Thanks too to Dave and Andrea...

Wednesday, July 19, 2006

Hoff vs MacGyver

Mellie at Randomcontributionz blogs about who would be the most expensive to insure; Michael Knight, Mitch Buchannon or MacGyver?. NZ's Accident Compensation Corporation ponders the big issues.
  • Mitch's dickstickers are a risk
  • KITT's turbo boost risks head and neck injuries
  • but then again MacGyver works without safety equipment and who knows who is underwriting Phoenix Foundation (perhaps they self insure)?
I wonder how long it will take for the less hmourous trolls to howl about the public service wasting tax payers' dollars?

8 changes to All Blacks squad

Henry's saying it's simply part of the rotation policy, the SMH are focusing on the fact that Reuben Thorne's back in the run on side (and I can't resist saying I told you so), NZ paper's are saying it's slap in the face to a Bok team thrashed by Australia, likewise the UK press.

It makes sense however, if Henry is committed to developing two full squads for the '07 World Cup, and given last week's result.

As an aside, Jake White's criticism of Paul Honnis is ridiculous; even if a few decisions went against the Boks, Honnis was excellent on the day and is clearly one of the best referees on the international circuit. A point well made by Spiro Zavos. I did like Honnis's comment that he must be "the scapegoat of the week".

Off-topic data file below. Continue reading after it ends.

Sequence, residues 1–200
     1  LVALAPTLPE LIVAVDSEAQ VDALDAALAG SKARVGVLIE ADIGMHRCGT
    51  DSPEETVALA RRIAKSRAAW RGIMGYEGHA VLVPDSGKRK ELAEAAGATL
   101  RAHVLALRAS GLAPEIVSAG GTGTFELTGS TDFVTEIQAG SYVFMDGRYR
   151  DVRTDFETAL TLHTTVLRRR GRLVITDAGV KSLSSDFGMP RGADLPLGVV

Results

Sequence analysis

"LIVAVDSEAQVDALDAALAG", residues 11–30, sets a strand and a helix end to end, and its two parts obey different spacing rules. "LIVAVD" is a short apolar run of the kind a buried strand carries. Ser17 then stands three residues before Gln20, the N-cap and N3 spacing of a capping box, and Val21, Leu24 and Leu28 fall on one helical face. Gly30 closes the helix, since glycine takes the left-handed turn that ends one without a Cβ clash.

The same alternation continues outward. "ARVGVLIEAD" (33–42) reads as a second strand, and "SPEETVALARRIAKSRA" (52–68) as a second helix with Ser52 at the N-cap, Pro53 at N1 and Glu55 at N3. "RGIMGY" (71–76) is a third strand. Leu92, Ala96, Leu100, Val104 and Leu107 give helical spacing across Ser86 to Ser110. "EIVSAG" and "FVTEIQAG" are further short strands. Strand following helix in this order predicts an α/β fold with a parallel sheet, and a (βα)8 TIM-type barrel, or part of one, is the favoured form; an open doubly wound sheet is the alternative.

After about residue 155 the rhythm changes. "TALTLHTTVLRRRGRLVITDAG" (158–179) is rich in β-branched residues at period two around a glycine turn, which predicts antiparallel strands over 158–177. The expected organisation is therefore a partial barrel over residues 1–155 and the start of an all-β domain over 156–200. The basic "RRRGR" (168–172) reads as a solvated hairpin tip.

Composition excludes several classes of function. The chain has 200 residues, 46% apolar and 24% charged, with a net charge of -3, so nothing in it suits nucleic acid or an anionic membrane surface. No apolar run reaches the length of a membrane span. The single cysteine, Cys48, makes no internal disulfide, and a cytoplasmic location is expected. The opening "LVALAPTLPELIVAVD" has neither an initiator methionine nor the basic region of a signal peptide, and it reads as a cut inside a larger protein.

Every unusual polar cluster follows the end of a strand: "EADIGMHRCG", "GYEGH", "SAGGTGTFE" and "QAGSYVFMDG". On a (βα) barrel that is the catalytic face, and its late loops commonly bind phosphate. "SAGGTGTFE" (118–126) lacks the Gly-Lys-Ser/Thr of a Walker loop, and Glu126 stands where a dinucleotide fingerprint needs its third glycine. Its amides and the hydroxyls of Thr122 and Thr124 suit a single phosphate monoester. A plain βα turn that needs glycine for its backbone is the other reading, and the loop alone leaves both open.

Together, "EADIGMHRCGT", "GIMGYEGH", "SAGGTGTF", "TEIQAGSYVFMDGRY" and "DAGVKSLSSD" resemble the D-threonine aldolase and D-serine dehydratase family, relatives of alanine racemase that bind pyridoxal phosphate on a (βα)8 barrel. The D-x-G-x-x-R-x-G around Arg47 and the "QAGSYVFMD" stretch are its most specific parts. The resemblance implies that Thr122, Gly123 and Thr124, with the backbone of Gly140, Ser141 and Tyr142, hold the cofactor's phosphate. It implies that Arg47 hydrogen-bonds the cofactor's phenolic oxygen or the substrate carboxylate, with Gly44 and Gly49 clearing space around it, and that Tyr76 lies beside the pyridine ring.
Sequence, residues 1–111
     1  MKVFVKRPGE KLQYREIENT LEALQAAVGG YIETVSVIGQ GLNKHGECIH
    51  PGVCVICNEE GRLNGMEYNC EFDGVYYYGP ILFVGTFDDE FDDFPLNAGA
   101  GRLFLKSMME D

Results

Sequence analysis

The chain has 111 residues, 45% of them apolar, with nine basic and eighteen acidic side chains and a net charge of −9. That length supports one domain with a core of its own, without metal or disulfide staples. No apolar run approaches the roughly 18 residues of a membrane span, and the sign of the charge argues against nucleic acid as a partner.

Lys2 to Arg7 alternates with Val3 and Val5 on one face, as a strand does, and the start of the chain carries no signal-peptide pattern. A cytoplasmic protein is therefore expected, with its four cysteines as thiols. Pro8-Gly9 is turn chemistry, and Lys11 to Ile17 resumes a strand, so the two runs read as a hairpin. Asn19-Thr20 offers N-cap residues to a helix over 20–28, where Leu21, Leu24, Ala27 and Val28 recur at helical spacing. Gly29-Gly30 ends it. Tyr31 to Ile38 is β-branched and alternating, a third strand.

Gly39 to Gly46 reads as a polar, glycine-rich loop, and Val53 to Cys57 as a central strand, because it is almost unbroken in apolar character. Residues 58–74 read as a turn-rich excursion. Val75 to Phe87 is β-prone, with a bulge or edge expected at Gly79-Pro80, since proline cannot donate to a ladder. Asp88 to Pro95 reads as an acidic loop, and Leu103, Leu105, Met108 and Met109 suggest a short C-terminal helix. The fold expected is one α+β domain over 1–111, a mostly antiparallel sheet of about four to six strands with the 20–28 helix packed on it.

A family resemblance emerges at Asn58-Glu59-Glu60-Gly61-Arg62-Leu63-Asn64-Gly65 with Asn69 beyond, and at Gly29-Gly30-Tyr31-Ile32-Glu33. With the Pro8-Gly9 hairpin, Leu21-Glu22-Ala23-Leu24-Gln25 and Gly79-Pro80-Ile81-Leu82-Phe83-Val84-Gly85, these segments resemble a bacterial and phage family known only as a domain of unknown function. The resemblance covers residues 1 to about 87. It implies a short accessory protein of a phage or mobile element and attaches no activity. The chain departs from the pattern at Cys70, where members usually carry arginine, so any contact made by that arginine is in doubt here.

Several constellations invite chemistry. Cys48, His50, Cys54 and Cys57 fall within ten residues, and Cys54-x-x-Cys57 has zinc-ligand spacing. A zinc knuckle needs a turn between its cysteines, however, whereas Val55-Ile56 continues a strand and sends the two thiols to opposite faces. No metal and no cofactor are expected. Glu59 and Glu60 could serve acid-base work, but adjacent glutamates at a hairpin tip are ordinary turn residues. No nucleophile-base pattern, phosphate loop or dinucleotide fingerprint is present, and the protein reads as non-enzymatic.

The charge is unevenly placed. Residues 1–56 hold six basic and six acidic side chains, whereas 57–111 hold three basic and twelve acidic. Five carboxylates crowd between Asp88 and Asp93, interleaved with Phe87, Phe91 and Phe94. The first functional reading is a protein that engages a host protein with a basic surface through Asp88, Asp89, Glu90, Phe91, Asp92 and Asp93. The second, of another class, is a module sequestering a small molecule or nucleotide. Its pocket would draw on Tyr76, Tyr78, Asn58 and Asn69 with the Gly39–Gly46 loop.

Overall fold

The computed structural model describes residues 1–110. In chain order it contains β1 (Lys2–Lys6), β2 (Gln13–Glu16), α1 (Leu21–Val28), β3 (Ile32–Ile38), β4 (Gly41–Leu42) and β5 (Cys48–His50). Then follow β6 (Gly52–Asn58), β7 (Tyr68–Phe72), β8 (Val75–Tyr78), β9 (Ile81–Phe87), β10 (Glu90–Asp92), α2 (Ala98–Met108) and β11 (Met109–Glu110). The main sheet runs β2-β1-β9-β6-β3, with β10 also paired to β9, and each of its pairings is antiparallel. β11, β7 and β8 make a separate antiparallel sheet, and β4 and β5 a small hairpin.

Update on the Riewoldt "gay slur"

Earlier I blogged on a stupid comment Nick Riewoldt made on radio. Since he has apologised, not to everyone's satisfaction, but I tend to believe he genuinely regrets the comment.

Tuesday, July 18, 2006

Last to know

My buddy Chris tells me this is a tricky song to play, something about the first stroke (is it up, rather than down, or down, rather than up...), anyways it's one of Neil Finn's finest; last to know and my little girl likes it too!

Muriel Newman should be a talkback host

Grabthar's hammer does a 'number' (a poor pun I know) on Muriel Newman's latest missive. Newman said:
"At the heart of the child-abuse problem is a dependency culture that Maori have embraced."
Another candidate for voxidieological.

NSW State Liberal's corrupt, right wing, uber conservative Christians...

Hardly surprising I know but ABC's episode of Four Corners last night, The Right Stuff, interviewed a stack of former Liberal Party office holders, parliamentarians, as well as a number of members all of whom confirm branch stacking, petty thuggery, and vote rigging.

The alleged goal is to convert the Liberals into a ultra-conservative Christian party, primarily through careful preselection of candidates; it has already cost one Leader his job - former Leader John Brogdon claims he was brought down by an increasingly powerful faction led by David Clarke.

Former federal Liberal Leader, Dr John Hewson says: "It's the hardline right religious element that you should worry about, in my view, 'cause they have no concept of the broader realities in the electorate."